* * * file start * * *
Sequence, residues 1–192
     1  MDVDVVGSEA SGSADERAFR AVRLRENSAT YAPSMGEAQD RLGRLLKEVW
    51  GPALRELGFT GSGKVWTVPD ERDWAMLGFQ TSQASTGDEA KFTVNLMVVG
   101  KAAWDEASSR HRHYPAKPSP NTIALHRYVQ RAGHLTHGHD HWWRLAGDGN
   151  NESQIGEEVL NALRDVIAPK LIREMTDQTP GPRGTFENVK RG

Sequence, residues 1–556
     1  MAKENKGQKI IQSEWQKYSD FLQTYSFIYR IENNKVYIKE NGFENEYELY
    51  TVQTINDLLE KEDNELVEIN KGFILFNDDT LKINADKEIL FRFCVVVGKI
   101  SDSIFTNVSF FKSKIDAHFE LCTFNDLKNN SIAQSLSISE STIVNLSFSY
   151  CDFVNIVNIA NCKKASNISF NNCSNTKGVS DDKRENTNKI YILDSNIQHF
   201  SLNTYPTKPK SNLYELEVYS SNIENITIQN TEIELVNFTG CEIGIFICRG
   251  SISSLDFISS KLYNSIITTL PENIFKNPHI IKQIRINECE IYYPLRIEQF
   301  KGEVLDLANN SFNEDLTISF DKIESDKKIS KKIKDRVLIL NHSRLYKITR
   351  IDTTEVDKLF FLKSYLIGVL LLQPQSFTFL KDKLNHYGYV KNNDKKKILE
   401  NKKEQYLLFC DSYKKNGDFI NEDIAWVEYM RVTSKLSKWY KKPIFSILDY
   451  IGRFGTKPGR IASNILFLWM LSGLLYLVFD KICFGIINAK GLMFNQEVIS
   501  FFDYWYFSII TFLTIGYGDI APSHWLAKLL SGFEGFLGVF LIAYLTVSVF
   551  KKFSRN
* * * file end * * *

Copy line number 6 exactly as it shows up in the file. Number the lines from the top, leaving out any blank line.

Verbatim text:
Sequence, residues 1–556